Child Abduction is against the law. It usually occurs when one parent wants to alienate the child from the other parent, is afraid for the child’s safety or simply wants to move with the children without following proper court procedure.

When your child is abducted and if you know where he/she has been taken to, you need to first figure out whether the country the child has been abducted to is a signatory to the Hague Convention. There are currently 93 countries which have signed with the Hague Convention. The Hague Convention attempts to return the abducted child to his or her ‘habitual residence’ in an expedient manner.

In other words, if your child is abducted to for example, United States, which is a Hague Signatory, you will need to immediately commence Hague proceedings in the U.S. The courts in the U.S. must make an Order to return your child to Canada if they determine that your child has been wrongfully removed and there is little or no risk of harm if he/she is returned to Canada. If an Order is made for the return of your child, the police and all authorities will assist to return your child to his/her habitual residence which would be in Canada.

If your child has been taken to a country that is not a Hague Signatory, your job will be more difficult. You will need to commence custody proceedings in the country your child is currently and ask the court to order for your child to return to Canada. Because Hague doesn’t apply, the country will need to use its own laws to determine if your child should be returned to Canada.

Please note however that in both above noted situations, the more you wait and not do anything, the higher the chance of these courts determining that your child’s habitual residence may have been changed to the country where she/he has been abducted to due to the passage of time and the best interests of your child who needs stability in his or her life.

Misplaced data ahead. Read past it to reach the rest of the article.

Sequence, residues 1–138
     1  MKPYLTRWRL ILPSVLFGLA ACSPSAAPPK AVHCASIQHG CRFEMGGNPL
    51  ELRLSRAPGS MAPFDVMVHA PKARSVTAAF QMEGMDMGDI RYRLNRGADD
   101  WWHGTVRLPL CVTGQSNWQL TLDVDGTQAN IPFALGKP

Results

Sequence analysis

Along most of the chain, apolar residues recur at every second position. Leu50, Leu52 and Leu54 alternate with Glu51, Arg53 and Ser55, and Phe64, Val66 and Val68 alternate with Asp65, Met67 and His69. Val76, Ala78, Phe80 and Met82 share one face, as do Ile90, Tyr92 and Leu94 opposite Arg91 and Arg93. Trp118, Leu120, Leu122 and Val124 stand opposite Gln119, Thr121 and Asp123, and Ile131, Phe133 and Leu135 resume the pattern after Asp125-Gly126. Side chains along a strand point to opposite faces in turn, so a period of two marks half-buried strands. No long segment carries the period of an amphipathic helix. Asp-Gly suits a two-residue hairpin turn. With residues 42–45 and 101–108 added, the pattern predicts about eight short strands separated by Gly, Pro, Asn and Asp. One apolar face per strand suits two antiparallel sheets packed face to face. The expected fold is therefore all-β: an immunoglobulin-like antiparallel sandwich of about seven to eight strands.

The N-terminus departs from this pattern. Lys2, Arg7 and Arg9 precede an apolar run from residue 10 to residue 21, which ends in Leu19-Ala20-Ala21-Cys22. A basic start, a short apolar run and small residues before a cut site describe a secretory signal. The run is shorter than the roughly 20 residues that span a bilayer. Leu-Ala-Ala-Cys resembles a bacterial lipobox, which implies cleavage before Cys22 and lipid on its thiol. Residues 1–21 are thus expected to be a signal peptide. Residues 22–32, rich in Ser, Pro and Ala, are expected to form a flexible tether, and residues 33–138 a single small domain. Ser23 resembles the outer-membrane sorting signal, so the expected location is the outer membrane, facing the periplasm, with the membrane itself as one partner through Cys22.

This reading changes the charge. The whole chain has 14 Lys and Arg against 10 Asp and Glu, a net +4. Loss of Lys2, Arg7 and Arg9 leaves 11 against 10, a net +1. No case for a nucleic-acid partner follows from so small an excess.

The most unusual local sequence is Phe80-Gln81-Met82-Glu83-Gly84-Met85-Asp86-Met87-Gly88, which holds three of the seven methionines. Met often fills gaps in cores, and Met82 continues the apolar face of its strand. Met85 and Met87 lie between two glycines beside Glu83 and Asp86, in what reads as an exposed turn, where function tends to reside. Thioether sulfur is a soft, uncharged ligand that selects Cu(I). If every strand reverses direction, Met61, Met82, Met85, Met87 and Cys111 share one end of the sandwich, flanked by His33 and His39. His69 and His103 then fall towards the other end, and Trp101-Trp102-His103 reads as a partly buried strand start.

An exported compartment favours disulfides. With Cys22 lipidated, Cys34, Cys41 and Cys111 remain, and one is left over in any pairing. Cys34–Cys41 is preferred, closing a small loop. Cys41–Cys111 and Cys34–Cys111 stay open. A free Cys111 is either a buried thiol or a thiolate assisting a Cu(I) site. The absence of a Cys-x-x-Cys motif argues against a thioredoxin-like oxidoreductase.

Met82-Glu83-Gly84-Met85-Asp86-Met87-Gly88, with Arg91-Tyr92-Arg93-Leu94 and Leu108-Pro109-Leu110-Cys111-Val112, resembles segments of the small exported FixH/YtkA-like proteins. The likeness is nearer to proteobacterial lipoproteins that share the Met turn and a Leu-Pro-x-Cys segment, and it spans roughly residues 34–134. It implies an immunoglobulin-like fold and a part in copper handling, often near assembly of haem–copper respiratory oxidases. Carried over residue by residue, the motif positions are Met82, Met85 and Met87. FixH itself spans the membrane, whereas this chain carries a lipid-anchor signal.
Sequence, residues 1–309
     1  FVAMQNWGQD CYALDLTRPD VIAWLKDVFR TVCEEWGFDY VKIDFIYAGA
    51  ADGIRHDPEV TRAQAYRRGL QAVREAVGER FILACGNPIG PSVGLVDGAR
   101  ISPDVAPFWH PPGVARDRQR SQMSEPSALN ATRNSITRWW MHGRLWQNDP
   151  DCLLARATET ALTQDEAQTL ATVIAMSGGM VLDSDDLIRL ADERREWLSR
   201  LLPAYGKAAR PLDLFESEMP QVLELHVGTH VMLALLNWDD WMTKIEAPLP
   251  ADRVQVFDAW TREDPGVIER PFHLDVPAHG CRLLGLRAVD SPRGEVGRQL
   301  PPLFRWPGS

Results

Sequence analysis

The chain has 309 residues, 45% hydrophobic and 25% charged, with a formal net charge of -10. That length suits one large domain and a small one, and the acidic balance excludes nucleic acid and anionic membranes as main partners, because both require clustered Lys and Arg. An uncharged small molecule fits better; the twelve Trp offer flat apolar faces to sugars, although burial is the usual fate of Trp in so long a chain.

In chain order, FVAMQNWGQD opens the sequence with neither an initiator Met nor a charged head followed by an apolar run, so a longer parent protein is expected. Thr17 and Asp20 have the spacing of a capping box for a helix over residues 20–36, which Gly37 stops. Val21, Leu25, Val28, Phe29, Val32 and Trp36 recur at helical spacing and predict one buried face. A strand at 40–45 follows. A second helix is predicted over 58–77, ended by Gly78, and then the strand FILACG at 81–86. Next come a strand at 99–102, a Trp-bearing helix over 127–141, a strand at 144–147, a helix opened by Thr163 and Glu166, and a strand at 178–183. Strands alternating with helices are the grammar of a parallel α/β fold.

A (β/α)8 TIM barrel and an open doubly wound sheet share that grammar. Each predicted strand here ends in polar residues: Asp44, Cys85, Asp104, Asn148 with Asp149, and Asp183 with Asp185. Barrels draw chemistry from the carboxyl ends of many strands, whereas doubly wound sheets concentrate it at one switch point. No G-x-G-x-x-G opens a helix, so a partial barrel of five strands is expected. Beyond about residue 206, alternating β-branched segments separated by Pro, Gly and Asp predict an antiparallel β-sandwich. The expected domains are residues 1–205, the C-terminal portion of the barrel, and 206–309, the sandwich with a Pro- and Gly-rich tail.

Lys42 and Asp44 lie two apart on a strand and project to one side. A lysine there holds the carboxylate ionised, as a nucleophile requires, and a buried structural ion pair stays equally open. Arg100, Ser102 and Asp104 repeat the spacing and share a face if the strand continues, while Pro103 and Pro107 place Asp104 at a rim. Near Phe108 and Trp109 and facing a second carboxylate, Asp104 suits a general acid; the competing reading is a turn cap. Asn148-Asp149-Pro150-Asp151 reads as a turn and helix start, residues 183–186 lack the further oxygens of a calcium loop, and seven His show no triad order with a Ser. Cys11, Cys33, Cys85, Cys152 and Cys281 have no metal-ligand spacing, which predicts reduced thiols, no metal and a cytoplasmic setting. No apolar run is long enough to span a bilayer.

Our BC Family Law also provides the following test for determining what a ‘habitual residence’ is:

  1. For the purposes of this Division, a child is habitually resident in the place where the child most recently resided
    1. with his or her parents,
    2. if the parents are living separate and apart, with one parent
      1. under an agreement
      2. with the implied consent of the other parent, or
      3. under an order of a court or tribunal, or
    3. with a person other than a parent on a permanent basis for a significant period of time.
  2. The removal or withholding of a child without the consent of a guardian does not affect the child’s habitual residence unless the guardian from whom the child is being removed or withheld acquiesces or delays in applying for an order of a court or an extraprovincial tribunal.

Child Abduction is an extremely complicated area of family law. Contact our award winning law firm for a consultation regarding your unique case at 604-974-9529 or email info@ylaw.ca

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